Mariya Interviews Nikita

Upon arrival to Toronto Nikita was amazed by the diversity of cultures that co-exist in the city. The impression was so strong that he still speaks of it with visible excitement. Nikita also noticed that school textbooks in Russia and Ukraine were very different from Canadian textbooks. “There are no games in Russian textbooks”, said Nikita. In Canadian textbooks there are more illustrations, examples, and applications. In contrast, Russian textbooks present information in a laconic way with fewer illustrations, but with more rigor.

When asked to describe his current project, Nikita exclaimed: “This is the best project I ever participated in!” Students were given an opportunity to explore real data to predict financial crises. Supervisors meet with the students twice a week. They use a hands-on approach to the material, which gives students the freedom to explore topics that interest them. Work was divided equally among team members. Each student presented their assigned articles.

Prior to the MITACS program Nikita held an NSERC USRA in the summer of 2009. He worked on Group Representation Theory with Professor Repka.

Nikita thinks that collaboration is essential for mathematicians. More people can solve a problem faster. There is a saying that a lot of Russian people use: “having one head is good, but having two is much better”, meaning that it is more effective to involve several people in problem solving.

Interview conducted by Mariya Boyko


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Interview: Fernando, Lucas, and Rafael

Fernando Lenarduzzi, Lucas Bentivenha, and Rafael Rocha are visiting from Brazil. All of them come from the Universidade Estadual Paulista “Julio de Mesquita Filho”.

(L to R) Lucas, Rafael, and Fernando on Spiral Staircase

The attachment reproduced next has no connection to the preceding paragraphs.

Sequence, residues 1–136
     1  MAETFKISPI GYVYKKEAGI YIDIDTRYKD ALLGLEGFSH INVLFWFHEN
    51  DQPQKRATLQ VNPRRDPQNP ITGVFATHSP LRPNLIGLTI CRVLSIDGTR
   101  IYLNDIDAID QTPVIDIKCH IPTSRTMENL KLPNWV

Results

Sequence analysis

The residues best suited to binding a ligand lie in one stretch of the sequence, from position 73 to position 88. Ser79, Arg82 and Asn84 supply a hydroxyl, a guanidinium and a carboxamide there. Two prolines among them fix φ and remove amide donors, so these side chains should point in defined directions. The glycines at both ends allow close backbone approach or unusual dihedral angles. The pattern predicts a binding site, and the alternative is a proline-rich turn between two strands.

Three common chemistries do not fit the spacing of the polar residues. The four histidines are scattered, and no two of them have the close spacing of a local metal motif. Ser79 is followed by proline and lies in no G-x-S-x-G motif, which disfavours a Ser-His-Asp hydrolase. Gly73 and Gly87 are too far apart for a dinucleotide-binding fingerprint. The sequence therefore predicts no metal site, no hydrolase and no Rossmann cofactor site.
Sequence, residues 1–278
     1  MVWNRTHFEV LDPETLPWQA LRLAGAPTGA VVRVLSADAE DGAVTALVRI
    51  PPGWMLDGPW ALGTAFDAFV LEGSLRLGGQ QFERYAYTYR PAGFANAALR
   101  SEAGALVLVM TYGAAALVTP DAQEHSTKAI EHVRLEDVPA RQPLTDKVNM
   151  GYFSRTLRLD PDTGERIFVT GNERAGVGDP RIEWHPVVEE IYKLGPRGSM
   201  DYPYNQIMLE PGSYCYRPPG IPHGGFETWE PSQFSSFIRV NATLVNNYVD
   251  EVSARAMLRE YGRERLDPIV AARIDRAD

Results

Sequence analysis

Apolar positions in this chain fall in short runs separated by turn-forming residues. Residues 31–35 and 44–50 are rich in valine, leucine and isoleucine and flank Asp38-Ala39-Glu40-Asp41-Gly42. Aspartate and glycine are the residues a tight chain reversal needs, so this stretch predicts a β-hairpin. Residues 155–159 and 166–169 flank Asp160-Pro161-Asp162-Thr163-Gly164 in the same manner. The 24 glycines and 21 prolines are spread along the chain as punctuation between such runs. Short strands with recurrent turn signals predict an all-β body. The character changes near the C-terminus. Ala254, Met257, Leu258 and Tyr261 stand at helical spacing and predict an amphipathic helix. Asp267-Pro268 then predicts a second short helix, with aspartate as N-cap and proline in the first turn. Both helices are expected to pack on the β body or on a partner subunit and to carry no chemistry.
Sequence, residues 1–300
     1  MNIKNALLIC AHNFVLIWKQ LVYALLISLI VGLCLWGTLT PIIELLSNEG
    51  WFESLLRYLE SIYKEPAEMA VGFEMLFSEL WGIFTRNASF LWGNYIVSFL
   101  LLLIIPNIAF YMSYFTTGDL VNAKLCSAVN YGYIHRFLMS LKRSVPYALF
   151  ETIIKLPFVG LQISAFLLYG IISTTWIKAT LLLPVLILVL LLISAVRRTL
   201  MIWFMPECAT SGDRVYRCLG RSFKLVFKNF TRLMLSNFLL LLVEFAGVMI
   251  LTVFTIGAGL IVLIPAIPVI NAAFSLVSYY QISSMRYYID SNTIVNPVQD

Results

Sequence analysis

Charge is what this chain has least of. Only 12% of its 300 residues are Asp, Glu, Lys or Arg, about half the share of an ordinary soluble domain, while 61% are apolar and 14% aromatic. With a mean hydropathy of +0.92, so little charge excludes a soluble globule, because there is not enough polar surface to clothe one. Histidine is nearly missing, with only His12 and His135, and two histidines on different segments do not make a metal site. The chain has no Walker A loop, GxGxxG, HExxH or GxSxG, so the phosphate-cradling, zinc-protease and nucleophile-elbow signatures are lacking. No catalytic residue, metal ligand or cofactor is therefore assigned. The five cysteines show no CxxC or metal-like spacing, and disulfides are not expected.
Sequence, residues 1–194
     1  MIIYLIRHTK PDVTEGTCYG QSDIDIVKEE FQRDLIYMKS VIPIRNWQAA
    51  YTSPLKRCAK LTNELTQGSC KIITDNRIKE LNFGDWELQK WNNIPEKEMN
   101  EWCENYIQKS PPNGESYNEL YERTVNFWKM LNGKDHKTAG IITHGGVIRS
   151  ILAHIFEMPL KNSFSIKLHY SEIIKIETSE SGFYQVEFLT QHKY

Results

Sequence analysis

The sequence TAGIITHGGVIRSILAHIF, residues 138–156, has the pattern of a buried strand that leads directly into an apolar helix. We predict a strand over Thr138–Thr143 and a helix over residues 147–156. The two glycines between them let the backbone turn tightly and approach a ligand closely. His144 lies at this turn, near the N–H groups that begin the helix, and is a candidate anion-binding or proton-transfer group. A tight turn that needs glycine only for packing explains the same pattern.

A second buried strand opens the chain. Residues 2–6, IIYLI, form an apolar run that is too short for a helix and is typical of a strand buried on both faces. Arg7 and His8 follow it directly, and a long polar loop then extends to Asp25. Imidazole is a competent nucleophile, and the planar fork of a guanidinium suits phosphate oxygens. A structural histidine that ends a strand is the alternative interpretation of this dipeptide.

Along with other student researchers, Fernando works with the Symmetries of Euclidean Tessellations and Their Covers group supervised by Isabel Hubard, Mark Mixer, Daniel Pellicer, and Asia Ivic Weiss.

Lucas and Rafael are members of the Mathematical Finance group supervised by Matheus Grasselli and Oleksandr Romanko.

Upon arrival to Toronto they were impressed by the politeness of the local drivers and the absence of traffic. Fernando said that “compared to Rio, Toronto does not have traffic problems at all.” Rafael was surprised to see that such a heavily urbanized city as Toronto is full of trees and parks. Lucas pointed out that Rio and Sao Paolo are very similar to Toronto

Fernando’s description of the Brazilian education system explained the reasons behind their strong mathematical background. Brazillian students need to choose a specialised high school after grade nine. Their options include mathematics, arts, and military. These schools prepare the students for university by focusing on specific subjects.

In order to get into a university, one needs to write a standardized test. The students who succeed on the test have a chance to enter public universities. The students who do not do well can go to private universities where the quality of education is lower. Fernando, Lucas and Rafael all managed to get into public universities.

They mentioned that it is not uncommon for Brazilian students to use textbooks in foreign languages such as Spanish, French, or English. “One only needs to learn the basics of the language. Math is international”, said Lucas. Often multiple textbooks are used in a single course.

Fernando had a chance to work with a research group before, but for Lucas and Rafael this is their first group project. Both of them are amazed to see the math behind the financial crisis. “Even highly educated people sometimes say that financial crisis is unpredictable. It is amazing to learn that we can stay in control”, said Lucas.

Interview conducted by Mariya Boyko